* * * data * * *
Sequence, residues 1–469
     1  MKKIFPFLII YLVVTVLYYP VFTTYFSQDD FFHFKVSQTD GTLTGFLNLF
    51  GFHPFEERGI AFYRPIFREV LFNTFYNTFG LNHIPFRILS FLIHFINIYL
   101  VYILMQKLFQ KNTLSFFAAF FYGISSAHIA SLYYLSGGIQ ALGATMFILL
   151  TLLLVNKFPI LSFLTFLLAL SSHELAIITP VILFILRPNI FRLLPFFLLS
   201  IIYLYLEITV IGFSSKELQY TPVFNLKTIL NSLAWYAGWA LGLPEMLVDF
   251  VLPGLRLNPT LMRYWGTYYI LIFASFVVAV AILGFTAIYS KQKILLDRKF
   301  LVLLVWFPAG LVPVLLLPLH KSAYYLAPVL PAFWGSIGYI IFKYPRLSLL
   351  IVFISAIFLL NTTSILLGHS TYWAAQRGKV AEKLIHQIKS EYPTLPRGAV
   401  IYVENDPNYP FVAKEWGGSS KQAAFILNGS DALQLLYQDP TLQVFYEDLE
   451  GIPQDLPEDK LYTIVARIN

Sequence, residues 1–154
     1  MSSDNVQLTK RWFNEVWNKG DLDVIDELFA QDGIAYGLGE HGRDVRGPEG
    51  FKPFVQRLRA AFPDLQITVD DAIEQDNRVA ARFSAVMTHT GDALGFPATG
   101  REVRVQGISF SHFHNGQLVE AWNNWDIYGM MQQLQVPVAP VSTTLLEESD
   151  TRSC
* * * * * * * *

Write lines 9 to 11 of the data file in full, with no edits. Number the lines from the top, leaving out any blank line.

   351  IVFISAIFLL NTTSILLGHS TYWAAQRGKV AEKLIHQIKS EYPTLPRGAV
   401  IYVENDPNYP FVAKEWGGSS KQAAFILNGS DALQLLYQDP TLQVFYEDLE
   451  GIPQDLPEDK LYTIVARIN